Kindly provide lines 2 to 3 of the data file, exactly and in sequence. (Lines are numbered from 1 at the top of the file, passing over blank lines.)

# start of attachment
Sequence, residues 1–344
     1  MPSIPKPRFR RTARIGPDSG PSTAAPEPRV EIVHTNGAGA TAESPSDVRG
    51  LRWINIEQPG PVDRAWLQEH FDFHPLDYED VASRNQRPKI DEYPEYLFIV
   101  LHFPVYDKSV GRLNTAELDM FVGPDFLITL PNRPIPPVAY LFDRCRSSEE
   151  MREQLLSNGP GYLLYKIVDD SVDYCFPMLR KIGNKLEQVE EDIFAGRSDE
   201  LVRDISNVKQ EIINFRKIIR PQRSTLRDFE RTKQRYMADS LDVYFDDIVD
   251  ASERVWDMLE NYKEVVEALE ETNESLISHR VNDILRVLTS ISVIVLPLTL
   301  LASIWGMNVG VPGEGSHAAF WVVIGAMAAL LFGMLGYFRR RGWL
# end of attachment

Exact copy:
     1  MPSIPKPRFR RTARIGPDSG PSTAAPEPRV EIVHTNGAGA TAESPSDVRG
    51  LRWINIEQPG PVDRAWLQEH FDFHPLDYED VASRNQRPKI DEYPEYLFIV